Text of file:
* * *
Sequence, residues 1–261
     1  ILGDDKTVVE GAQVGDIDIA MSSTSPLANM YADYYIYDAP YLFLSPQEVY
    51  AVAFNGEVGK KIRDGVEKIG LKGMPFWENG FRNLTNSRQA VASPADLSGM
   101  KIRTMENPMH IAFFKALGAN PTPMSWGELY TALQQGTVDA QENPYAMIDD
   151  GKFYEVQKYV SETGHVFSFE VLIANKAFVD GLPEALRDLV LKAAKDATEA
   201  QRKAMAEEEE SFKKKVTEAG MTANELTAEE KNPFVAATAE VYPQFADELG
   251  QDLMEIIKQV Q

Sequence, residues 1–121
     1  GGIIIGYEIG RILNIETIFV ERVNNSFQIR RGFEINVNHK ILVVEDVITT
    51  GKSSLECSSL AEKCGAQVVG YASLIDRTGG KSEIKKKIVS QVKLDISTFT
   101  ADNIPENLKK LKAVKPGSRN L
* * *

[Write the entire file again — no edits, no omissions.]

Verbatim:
Sequence, residues 1–261
     1  ILGDDKTVVE GAQVGDIDIA MSSTSPLANM YADYYIYDAP YLFLSPQEVY
    51  AVAFNGEVGK KIRDGVEKIG LKGMPFWENG FRNLTNSRQA VASPADLSGM
   101  KIRTMENPMH IAFFKALGAN PTPMSWGELY TALQQGTVDA QENPYAMIDD
   151  GKFYEVQKYV SETGHVFSFE VLIANKAFVD GLPEALRDLV LKAAKDATEA
   201  QRKAMAEEEE SFKKKVTEAG MTANELTAEE KNPFVAATAE VYPQFADELG
   251  QDLMEIIKQV Q

Sequence, residues 1–121
     1  GGIIIGYEIG RILNIETIFV ERVNNSFQIR RGFEINVNHK ILVVEDVITT
    51  GKSSLECSSL AEKCGAQVVG YASLIDRTGG KSEIKKKIVS QVKLDISTFT
   101  ADNIPENLKK LKAVKPGSRN L